The Knicks’ Draft Looks A Lot Better
I was very, very low on the Knicks’ draft. Kevin Knox was essentially a bust pick for me, and Mitchell Robinson, while tough to evaluate, certainly seemed underwhelming heading into the draft (which is why he was picked in the 30s after once being thought of as a lottery prospect). I’m not ready to eat my words based solely on summer league, but these two were some of the most intriguing players we saw in July. Knox was one of the league’s top scorers at 21.3 PPG, and while his 35 percent mark from the field left something to be desired, it was encouraging to see him scoring in different ways and playing a little more aggressively than he did at Kentucky. Robinson, meanwhile, was a savage. While Knox was effective but inefficient, Robinson notched a double-double average while shooting 67 percent from the field, and blocking 4 shots per game on top of that. If this is any hint of what’s to come, the Knicks may finally be onto something.
Trae Young Is Fine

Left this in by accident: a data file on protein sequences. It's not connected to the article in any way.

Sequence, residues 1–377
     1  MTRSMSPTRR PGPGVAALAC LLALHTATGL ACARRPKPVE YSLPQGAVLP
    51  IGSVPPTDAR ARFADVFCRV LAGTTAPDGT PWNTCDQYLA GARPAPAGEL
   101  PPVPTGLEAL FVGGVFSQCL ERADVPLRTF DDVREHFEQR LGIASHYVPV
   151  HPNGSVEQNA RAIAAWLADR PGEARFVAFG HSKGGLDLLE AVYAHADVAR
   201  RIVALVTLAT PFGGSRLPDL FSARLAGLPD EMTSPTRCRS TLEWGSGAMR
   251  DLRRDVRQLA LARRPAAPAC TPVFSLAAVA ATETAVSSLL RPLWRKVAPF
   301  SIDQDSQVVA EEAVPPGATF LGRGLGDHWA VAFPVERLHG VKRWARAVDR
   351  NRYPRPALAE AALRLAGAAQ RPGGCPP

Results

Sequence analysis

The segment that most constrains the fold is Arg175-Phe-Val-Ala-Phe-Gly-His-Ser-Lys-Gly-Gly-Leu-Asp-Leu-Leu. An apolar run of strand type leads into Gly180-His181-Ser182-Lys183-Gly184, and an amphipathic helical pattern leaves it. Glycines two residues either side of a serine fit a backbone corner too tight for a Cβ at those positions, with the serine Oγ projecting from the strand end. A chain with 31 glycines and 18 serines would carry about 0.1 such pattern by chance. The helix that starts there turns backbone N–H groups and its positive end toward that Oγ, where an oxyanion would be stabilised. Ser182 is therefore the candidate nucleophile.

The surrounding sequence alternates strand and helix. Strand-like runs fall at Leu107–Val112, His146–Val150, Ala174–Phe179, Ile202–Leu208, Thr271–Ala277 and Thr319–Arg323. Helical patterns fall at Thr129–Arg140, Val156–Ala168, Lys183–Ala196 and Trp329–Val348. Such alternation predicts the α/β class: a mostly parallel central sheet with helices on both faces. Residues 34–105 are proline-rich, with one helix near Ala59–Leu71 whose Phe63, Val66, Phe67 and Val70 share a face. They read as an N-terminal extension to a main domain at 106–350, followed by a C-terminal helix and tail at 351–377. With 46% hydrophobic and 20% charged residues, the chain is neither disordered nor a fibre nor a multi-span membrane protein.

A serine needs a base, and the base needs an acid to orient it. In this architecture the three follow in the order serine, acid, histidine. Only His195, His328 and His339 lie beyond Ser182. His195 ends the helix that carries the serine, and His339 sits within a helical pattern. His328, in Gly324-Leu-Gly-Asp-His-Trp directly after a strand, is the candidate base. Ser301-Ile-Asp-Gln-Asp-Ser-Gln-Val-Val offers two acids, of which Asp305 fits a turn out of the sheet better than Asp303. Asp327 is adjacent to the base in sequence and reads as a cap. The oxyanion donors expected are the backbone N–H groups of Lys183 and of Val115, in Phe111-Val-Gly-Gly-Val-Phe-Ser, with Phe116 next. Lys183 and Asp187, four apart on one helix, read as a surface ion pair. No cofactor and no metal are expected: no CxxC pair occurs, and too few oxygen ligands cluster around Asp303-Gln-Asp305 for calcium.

I can’t remember basketball media being so ready to gang up on a good, fun young player. Seemingly every NBA analyst with a written or podcasting platform has commented on Young dropping off dramatically down the stretch at Oklahoma, when in reality the “drop-off” was pretty much a failure to average 40 points and 17 assists, as it looked for a couple weeks like he might be capable of doing. Here was the dramatic drop-off: from February on, Trae Young averaged 21.8 points and 7.2 assists per game. Yes, Oklahoma lost a lot of games in that stretch and Young’s 3-point accuracy suffered, but in a vacuum I’m still taking those numbers from a freshman.
Those same media members instantly piled on when Young started his summer league campaign with a few inefficient efforts. For the record, he wound up with 17 points, 6.8 assists and 38 percent from the field, while everyone drooled over Knox’s 21.3 points, 6.5 rebounds and 35 percent shooting. There’s just an expectation issue with Young that seems to make everyone view him through an insanely limited lens. He’s not a finished product, but after a slow start this summer he found his shot, flashed some sensational playmaking ability, and put together a few solid games. Check out his highlights from the league. He’s going to be just fine.